Memory lane. This figure of speech appears to have been invented as the title and lyric of a sentimental 1903 song. ("Come let us wander/Among the haunts of Memory Lane/Where ev'ry bud of days gone by/Has blossomed into joy or pain"). Its use today is mostly ironic.

Old-fashioned. We've been using this adjective to mean either "in an outdated style" or "partaking of the old ways" since the middle of the 17th century. The cocktail known as the old fashioned is considerably newer, dating from the 1880s; the name can refer to various combinations of spirits (whiskey, bourbon, gin, brandy, rum), sugar, and bitters.

Old-school. In the 18th century, the noun phrase old school referred to any group known for its conservative views; the adjective form began appearing in 19th-century America, where it was often capitalized ("Old School Democrats"). The term was picked up in the 1980s by rap and hip-hop musicians who sometimes spelled it "old skool" and used it in the sense of "relatively traditional compared to newer forms."

Old School, a 2003 novel by Tobias Wolff, is set in an old (prep) school.

Oldie. Another term whose meaning has shifted over time. In the 18th century, oldie was jocular slang for "an old person." In the 1930s it started to refer to an old or familiar thing, especially a song. Oldie but goodie and golden oldie — a familiar old song or film that's still regarded with affection — first appeared in print between the mid-1950s and in 1960.

Oldies 104.3, a streaming radio channel on Roku.

Reboot. Originally a computer term meaning "to restart, especially after a power failure or malfunction," by 1980 reboot had acquired its figurative sense as both noun and verb. It's frequently used to give a high-tech shine to what might otherwise be called a rehash or a remake, such as the latest superhero movie.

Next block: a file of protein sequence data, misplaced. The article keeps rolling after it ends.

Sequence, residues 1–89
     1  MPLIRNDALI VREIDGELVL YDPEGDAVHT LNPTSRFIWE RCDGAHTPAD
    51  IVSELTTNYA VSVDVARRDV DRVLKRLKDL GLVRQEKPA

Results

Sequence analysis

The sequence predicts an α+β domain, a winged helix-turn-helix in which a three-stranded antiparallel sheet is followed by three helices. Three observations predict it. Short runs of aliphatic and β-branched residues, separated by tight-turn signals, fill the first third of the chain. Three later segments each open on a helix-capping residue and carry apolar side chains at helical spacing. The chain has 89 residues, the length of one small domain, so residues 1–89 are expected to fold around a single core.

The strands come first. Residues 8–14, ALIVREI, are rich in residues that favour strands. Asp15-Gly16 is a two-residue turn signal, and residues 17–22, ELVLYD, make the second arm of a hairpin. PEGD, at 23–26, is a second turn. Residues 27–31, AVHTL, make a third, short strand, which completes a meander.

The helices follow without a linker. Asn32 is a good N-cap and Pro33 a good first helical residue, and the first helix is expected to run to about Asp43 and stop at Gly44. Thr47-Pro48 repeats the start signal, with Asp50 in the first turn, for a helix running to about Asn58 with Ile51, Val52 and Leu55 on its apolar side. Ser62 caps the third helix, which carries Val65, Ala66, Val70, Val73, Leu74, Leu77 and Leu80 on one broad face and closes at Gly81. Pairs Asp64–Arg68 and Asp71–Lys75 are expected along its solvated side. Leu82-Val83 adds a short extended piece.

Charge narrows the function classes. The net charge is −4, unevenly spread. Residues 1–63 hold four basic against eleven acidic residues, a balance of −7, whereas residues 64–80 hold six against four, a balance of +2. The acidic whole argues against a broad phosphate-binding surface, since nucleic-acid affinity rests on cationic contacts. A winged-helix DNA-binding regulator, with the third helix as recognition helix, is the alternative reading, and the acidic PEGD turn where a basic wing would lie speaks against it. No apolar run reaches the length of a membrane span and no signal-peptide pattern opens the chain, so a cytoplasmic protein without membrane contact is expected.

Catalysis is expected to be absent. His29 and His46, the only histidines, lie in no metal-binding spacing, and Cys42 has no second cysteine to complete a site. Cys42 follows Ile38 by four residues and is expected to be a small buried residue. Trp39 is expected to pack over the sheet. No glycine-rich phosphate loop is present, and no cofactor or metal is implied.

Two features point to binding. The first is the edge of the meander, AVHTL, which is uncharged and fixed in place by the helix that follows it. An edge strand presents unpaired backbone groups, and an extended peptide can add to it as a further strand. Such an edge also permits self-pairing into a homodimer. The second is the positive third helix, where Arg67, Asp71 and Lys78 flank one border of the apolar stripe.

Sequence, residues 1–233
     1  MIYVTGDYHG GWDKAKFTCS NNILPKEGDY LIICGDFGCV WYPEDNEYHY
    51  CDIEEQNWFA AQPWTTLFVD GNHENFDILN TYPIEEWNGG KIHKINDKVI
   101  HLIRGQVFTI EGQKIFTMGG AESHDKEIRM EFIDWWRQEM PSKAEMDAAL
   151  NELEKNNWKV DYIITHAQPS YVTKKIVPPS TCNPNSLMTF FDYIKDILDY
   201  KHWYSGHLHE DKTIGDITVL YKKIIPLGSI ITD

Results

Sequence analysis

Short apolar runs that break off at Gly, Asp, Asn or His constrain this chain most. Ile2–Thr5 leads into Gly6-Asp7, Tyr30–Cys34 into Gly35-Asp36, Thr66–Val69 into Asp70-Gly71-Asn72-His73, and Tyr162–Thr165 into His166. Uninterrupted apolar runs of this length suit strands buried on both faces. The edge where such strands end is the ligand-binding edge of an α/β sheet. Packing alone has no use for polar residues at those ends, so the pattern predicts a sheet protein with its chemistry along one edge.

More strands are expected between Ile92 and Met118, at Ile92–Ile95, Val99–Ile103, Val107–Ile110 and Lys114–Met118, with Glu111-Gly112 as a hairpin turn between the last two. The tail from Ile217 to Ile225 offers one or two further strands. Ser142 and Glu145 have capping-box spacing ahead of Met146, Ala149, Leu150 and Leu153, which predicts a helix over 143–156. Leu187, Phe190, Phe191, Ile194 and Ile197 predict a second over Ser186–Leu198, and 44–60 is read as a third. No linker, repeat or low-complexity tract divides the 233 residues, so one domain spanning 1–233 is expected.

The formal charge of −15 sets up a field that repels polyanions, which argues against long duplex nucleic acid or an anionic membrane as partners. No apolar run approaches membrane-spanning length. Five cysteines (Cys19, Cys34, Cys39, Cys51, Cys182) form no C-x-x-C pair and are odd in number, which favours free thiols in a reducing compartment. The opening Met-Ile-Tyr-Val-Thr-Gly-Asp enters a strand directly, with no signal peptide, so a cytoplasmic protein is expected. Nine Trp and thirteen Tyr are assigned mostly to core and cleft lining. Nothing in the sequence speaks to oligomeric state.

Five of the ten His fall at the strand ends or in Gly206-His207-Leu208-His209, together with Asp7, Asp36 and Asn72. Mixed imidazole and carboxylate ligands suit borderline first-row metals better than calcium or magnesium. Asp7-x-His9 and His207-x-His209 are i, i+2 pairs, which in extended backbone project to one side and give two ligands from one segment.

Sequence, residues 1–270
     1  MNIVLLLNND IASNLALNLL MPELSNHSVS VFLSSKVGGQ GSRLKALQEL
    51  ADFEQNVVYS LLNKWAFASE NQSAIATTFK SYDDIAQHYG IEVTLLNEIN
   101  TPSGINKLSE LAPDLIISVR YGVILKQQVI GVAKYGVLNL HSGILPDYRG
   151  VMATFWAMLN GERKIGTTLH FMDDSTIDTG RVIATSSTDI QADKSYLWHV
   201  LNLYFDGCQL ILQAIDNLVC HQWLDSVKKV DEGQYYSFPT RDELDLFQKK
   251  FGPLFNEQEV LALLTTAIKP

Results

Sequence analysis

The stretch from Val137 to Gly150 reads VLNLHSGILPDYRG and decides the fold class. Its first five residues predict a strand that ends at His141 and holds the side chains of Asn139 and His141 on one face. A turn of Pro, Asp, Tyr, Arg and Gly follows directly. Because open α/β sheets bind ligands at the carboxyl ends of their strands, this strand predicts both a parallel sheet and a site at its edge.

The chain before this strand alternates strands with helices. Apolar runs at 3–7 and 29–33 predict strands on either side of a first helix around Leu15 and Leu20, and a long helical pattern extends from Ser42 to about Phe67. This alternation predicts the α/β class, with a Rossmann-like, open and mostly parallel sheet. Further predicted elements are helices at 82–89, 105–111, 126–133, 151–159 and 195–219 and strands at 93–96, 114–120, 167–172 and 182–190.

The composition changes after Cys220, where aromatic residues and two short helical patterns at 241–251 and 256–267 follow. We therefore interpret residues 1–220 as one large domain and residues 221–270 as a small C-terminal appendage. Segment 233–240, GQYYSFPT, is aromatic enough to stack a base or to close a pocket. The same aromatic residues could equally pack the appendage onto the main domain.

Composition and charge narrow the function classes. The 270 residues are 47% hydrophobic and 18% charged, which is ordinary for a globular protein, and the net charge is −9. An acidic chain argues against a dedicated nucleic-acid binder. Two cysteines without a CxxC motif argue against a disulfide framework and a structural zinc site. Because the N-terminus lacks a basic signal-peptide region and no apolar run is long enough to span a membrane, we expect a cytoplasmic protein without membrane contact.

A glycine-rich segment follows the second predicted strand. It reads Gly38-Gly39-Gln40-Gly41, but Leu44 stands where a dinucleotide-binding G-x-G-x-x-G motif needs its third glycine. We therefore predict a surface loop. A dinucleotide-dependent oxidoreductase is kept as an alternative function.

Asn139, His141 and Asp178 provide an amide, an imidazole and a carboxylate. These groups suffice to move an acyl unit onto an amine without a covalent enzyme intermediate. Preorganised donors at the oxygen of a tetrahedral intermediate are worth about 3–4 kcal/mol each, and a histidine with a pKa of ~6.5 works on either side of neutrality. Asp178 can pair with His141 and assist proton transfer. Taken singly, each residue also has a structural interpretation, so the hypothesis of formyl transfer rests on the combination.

Retro. The Latin-derived prefix, meaning "backwards," has been used since the 14th century to create English words such as retrograde and retrospect. In the early 1970s retro became a standalone modifier meaning "evoking the past" or "reviving a style from a previous era." Its first published usage, in a 1972 fashion report in the Chicago Tribune, was disparaging: "Yves [Saint Laurent] now drops the tacky retro look that provoked criticism in the past."

Throwback. Like flashback, throwback originally had a literal meaning: the action of throwing something toward the rear (first attested in 1851). The 20th century saw a rise of the figurative use: a return to a style or fashion of the past (first attested in 1923). In January 2006, a blogger coined "Throwback Thursday" in a post about classic cartoons; the phrase was picked up by social-media users posting memories or photos from the past. It frequently appears as a hashtagged acronym: #TBT. If you miss Throwback Thursday, you can try again on Flashback Friday.

Vintage.  The vin- prefix tells us that this word originally referred (and can still refer) to grapes: the fruits of the vine. By the 18th century its use had expanded to include "the specific year or age of a particular wine." And in the 1920s and beyond we saw vintage applied to anything old: a vintage car, a vintage tweed jacket.

Want to keep basking in a nostalgic glow? Check out my 2013 column about classic.


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Nancy Friedman is the chief wordworker at verbal-branding consultancy Wordworking, and the author of a fine blog on naming, branding and more called Fritinancy. Nancy has named a venture-capital firm, a laser hair-removal device, a mobile-money service, and many other companies and products. A former journalist, she still writes or ghostwrites articles, speeches, white papers, and books. Click here to read more articles by Nancy Friedman.